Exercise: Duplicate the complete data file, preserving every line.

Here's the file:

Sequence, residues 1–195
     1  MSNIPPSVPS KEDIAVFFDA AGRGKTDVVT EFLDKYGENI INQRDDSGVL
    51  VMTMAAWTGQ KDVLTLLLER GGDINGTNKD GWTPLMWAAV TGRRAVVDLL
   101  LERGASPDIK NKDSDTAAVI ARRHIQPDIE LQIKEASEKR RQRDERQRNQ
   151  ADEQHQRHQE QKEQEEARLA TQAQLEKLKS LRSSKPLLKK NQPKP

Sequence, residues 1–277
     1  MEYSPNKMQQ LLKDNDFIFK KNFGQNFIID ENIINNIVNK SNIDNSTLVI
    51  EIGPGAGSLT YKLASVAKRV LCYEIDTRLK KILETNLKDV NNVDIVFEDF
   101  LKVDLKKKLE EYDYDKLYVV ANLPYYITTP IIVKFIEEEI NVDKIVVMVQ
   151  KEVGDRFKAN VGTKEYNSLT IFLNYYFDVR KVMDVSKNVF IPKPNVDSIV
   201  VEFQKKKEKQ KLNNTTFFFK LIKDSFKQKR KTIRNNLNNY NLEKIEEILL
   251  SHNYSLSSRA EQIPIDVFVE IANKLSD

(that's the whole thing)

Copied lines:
Sequence, residues 1–195
     1  MSNIPPSVPS KEDIAVFFDA AGRGKTDVVT EFLDKYGENI INQRDDSGVL
    51  VMTMAAWTGQ KDVLTLLLER GGDINGTNKD GWTPLMWAAV TGRRAVVDLL
   101  LERGASPDIK NKDSDTAAVI ARRHIQPDIE LQIKEASEKR RQRDERQRNQ
   151  ADEQHQRHQE QKEQEEARLA TQAQLEKLKS LRSSKPLLKK NQPKP

Sequence, residues 1–277
     1  MEYSPNKMQQ LLKDNDFIFK KNFGQNFIID ENIINNIVNK SNIDNSTLVI
    51  EIGPGAGSLT YKLASVAKRV LCYEIDTRLK KILETNLKDV NNVDIVFEDF
   101  LKVDLKKKLE EYDYDKLYVV ANLPYYITTP IIVKFIEEEI NVDKIVVMVQ
   151  KEVGDRFKAN VGTKEYNSLT IFLNYYFDVR KVMDVSKNVF IPKPNVDSIV
   201  VEFQKKKEKQ KLNNTTFFFK LIKDSFKQKR KTIRNNLNNY NLEKIEEILL
   251  SHNYSLSSRA EQIPIDVFVE IANKLSD